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I read this when I was a young teenager in the late 60s so my memories are faint, but I would love to read it again. What I do remember: Humanity is spreading through the solar system thanks to the invention of inflatable DIY spaceships. The ships resemble bubbles and are called "bubs." When people want to say "Be cool," they say "Be cavalier." The spacesuits are Archer models -- Archer 7, Archer 8, etc. Quite a bit of political intrigue, some violent. The UN patrols the space lanes.

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The Planet Strappers (1961) by Raymond Z. Gallun...?

From Goodreads:

THE PLANET STRAPPERS started out as The Bunch, a group of student-astronauts in the back room of a store in Jarviston, Minnesota. They wanted off Earth, and they begged, borrowed and built what they needed to make it.

THE PLANET STRAPPERS got what they wanted -- a start on the road to the stars -- but no one brought up on Earth could have imagined what was waiting for them Out There!

From a review:

The book opens in purest YA hard SF mode, with a group of college-age kids trying to make their way into space. It seems that most of the trick is to acquire a space bubble, or "bubb", which is what it sounds like -- not much bigger than person-sized, a bubble based on a super-plastic, with plenty of air production capacity, in which someone can survive for a pretty significant time in empty space. The group includes a diverse(-ish) mix -- one woman, a rich kid, a handicapped kid, a couple of football star twins, a delinquent, a couple more, plus the eventual viewpoint character, Frank Nelsen, the straight-arrow honest type. This first part goes on for 50 pages or so, pretty effectively, as the "bunch" (their name) navigates such issues as making the "bubbs", learning how to use them, passing the required space fitness tests, raising the needed money, and so on. The girl member drops out, realizing the the regular Space organization is desperate for women, and another guy washes out for lack of psychological fitness, and one member has to deal with his mother who won't let him go.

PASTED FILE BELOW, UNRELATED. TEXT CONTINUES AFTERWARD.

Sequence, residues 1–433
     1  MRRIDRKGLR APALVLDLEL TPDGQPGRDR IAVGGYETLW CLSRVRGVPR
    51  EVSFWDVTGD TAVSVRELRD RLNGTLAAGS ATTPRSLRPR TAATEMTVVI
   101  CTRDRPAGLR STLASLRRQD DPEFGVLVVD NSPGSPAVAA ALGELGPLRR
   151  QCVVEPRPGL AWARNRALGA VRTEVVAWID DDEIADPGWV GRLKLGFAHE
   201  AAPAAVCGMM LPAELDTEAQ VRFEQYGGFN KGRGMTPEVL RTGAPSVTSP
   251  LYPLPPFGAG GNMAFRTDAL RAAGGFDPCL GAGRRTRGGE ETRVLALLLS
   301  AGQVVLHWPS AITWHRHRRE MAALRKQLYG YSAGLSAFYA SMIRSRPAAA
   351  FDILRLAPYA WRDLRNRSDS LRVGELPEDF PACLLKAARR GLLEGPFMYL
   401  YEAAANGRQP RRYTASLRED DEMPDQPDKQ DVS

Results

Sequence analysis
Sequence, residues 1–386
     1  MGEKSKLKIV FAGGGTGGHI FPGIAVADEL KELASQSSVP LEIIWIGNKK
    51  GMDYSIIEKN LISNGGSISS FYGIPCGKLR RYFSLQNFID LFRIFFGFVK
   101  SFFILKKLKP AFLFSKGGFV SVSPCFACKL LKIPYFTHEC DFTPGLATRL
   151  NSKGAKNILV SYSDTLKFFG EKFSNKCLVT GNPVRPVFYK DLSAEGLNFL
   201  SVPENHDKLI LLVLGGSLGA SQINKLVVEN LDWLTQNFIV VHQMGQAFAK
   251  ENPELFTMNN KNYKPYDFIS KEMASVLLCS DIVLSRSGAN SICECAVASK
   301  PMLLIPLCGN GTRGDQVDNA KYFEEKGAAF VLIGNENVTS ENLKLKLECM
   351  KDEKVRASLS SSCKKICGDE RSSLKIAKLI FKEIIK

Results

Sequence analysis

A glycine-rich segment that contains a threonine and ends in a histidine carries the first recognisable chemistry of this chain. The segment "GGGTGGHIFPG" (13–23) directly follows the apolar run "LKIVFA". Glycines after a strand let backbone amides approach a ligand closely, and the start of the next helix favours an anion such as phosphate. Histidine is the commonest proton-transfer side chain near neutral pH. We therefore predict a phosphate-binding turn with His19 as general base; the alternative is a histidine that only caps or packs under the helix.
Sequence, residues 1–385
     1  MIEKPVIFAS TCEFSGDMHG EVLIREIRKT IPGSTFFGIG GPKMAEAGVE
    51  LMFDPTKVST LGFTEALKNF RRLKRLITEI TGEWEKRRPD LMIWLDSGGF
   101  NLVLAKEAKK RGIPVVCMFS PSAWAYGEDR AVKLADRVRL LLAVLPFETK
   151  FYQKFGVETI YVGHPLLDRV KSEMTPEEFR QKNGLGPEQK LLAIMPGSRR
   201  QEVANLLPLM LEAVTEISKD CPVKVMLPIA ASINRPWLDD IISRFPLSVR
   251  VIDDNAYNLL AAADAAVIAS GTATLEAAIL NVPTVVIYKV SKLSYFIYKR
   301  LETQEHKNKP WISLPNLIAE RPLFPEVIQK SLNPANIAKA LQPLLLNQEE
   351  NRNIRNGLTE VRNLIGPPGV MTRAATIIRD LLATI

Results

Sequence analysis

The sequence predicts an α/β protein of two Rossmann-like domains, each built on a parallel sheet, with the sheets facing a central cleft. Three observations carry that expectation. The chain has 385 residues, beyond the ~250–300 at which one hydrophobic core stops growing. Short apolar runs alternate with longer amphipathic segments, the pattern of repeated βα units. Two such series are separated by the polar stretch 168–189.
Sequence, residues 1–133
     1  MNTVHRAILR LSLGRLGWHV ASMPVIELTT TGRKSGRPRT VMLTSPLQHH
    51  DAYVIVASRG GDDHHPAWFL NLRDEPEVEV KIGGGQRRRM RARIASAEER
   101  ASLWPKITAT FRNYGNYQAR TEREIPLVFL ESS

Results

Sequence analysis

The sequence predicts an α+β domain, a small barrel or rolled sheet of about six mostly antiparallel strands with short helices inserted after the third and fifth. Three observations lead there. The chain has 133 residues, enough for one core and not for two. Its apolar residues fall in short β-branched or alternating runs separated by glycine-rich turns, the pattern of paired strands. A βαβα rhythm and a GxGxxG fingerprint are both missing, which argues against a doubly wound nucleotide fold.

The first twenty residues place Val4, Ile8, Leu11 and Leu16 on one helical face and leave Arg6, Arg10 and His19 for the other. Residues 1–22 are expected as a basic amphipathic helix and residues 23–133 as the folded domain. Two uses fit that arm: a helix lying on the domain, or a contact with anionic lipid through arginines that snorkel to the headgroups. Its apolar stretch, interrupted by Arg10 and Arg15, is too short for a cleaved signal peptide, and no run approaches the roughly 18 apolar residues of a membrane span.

Finally they head into space, and things get a bit stranger from that point. Frank ends up in a terrible situation on the Moon with a murderous fraud. One of the dropouts ends up a stowaway, causing even more trouble. Eileen, the girl member of the Bunch, becomes fairly successful, as what seems to be a Madam, though the book is too YA-oriented to go into detail about that.

The book continues, becoming something of a travelogue through the Solar System. Frank's goal ends up to be establishment of a free space-based set of habitats, based on the "bubbs", and in the end to make a home that the girl back home he's sweet on can come to. But he must deal with a lot of problems on the way there, most importantly the issue of space pirates ... a group which seems to include the one washout from the original "Bunch" who had stowed away. One of the other members becomes a legendary explorer, eventually heading to the Outer Planets solo in a bubble. There are deaths among the bunch, and failures, but by the end we see a portrait of the establishment of a new frontier.

Searching the Google Books preview, the phrase "be cavalier, fellas" is used, and the word "archer" comes up plenty of times.

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